Junior doctors should not feel pressured to do anything beyond their knowledge, experience and competence, this includes obtaining consent for a procedure that they are not familiar with. Always get a senior to explain or demonstrate it as part of training.
Failure to take consent properly can lead to medicolegal problems including complaints, claims and disciplinary proceedings. If your actions are scrutinised by the GMC you’ll need more than a signature on a consent form to fight your corner. Consent is a process, rather than a form-filling exercise.
"Consent is a process, rather than a form-filling exercise."
Recent GMC guidance emphasises the importance of working in partnership with patients.
- Always act in your patient’s best interests.
- Record in the notes what a patient has been told.
- Use your common sense – consent is patient-specific and depends on the individual’s circumstances, including age, lifestyle, occupation, sporting interests, expectations etc. It may well be that you are not in a position to advise fully eg, professional sportspeople.
- Patients are presumed competent to consent unless proved otherwise.
- Any competent adult in the UK can refuse treatment.
- The law concerning incompetent adults, who are unable to give valid consent, is more complicated, and is different in England, Wales, Scotland and Northern Ireland. If you are in doubt consult senior colleagues.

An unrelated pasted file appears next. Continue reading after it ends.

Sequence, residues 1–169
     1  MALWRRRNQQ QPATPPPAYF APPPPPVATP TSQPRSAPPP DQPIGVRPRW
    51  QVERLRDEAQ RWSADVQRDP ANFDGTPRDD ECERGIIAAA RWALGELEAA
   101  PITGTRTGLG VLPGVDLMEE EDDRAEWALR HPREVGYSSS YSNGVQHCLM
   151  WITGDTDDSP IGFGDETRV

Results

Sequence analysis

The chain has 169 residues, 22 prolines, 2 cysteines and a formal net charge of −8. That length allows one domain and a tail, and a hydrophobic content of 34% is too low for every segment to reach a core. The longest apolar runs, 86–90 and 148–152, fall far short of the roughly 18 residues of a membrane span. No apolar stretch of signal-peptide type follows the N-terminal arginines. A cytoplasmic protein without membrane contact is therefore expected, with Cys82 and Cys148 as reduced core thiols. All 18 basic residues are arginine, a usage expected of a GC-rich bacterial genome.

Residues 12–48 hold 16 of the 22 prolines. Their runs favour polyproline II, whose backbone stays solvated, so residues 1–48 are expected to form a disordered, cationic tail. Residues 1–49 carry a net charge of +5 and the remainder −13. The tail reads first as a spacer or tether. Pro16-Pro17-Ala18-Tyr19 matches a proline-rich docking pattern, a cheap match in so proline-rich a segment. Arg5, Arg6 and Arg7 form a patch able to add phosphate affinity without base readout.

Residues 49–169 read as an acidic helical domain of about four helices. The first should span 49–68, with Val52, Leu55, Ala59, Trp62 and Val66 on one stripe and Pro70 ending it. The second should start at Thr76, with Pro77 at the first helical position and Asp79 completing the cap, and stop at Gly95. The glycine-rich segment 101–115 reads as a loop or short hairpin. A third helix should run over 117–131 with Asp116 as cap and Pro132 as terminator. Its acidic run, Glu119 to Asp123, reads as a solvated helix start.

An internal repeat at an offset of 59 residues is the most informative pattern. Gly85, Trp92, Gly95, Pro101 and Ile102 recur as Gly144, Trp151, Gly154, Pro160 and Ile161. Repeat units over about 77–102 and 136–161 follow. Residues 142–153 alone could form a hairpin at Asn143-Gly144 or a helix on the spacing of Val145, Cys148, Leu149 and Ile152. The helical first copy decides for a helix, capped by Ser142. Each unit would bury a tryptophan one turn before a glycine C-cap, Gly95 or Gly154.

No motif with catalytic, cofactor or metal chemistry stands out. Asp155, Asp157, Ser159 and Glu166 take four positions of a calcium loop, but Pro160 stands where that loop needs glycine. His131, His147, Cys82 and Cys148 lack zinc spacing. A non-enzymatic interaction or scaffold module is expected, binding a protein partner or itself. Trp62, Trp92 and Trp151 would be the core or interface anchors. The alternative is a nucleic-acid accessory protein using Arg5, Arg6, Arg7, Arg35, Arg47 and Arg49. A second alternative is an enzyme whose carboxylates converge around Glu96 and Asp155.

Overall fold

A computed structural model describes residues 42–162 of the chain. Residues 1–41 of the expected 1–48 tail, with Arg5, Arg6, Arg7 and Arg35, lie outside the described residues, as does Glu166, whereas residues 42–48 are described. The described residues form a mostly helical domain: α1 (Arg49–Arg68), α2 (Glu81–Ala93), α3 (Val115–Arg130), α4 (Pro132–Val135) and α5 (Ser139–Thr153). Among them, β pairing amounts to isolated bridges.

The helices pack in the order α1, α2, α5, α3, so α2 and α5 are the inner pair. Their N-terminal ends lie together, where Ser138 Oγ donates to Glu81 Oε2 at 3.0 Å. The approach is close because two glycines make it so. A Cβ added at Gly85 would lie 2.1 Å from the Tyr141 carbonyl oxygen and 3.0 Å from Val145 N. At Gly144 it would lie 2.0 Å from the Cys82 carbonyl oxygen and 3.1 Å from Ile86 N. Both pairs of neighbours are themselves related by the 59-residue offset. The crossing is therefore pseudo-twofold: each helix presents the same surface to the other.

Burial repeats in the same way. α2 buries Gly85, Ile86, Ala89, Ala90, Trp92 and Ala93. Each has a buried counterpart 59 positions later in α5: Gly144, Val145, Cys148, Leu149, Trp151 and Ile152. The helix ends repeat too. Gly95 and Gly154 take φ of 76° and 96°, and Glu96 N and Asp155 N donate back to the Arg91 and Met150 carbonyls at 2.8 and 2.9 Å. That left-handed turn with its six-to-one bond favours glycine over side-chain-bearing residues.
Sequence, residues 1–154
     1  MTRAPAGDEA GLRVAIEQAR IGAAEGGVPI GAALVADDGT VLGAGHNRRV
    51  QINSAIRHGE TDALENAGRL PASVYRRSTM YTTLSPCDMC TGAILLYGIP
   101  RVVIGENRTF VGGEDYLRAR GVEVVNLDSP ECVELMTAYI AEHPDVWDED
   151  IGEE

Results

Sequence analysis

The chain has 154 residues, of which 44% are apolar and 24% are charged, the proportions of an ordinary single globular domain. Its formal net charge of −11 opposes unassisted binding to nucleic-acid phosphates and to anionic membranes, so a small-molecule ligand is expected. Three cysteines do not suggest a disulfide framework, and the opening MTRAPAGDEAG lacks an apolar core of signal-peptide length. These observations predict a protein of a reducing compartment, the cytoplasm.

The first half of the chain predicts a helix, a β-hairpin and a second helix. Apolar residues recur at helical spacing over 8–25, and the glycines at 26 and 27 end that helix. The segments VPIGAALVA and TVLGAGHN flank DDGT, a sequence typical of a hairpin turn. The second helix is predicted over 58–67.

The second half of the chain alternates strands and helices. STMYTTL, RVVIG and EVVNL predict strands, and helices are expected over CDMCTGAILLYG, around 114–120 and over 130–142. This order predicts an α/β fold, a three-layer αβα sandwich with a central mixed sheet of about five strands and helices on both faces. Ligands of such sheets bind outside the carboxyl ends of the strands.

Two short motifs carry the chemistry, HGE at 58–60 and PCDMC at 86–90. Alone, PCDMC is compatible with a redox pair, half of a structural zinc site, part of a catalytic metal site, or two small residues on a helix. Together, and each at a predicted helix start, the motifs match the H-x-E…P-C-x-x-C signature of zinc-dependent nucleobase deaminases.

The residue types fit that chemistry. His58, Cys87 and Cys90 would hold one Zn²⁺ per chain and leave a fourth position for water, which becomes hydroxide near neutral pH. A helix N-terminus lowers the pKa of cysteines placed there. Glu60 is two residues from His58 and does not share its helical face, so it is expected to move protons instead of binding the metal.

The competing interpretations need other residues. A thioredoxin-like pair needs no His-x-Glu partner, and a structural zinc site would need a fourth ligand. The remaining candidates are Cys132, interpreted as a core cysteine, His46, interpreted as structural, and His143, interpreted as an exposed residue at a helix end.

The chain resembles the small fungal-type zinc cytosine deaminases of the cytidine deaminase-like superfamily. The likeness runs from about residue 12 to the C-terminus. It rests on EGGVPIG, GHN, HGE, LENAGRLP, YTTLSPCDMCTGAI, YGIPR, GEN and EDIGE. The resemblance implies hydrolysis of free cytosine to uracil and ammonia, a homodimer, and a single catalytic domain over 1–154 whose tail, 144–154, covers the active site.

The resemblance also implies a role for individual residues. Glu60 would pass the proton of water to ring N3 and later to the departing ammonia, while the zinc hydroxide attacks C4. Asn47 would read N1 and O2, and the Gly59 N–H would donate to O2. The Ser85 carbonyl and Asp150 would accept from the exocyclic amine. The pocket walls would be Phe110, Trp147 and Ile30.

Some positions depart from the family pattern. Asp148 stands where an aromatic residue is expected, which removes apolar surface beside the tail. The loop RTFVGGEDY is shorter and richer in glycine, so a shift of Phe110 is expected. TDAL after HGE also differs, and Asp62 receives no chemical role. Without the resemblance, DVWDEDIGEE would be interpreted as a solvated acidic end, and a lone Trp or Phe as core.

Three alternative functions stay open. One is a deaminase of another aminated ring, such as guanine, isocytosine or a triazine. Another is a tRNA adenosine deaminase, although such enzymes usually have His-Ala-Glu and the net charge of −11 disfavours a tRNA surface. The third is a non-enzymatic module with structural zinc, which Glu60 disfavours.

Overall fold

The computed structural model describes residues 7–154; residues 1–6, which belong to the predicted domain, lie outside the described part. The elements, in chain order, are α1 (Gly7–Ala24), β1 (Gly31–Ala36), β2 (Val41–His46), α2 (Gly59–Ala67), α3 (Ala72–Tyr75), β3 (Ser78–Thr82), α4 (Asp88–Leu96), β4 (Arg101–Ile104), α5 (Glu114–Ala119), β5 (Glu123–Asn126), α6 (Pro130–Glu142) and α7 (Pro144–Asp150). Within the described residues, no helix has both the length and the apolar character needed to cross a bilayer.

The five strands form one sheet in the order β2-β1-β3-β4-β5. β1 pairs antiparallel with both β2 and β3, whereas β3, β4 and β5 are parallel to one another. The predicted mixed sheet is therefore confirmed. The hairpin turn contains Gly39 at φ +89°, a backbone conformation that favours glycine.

- Remember there are circumstances where a child can give consent without reference to a parent – if in doubt consult a senior colleague.
Dr U is in his first week as an F2 in ENT. He is sitting at the desk in the ward filling in forms, when a nurse tells him that there is a patient going to theatre, within the next few minutes, who seems to have the consent form missing from his notes.
"Dr U explains that he has never consented a patient before, and doesn’t think he should do it, but, the nurse insists that “it is only a tonsillectomy, not rocket science.”
She insists that the consultant “will get very cross” if the patient turns up in theatre without all the appropriate documentation. The nurse mentions that the patient’s operation has already been cancelled once, and it would be terrible if it happens again. Dr U explains that he has never consented a patient for a tonsillectomy before, and doesn’t think he should do it, but, the nurse insists that “it is only a tonsillectomy, not rocket science”.
Dr U rightly ignores the pressure, and hurries to theatre to ask one of his senior colleagues to sort out the consent form. He agrees, takes the patient’s consent, and the operation goes ahead on time.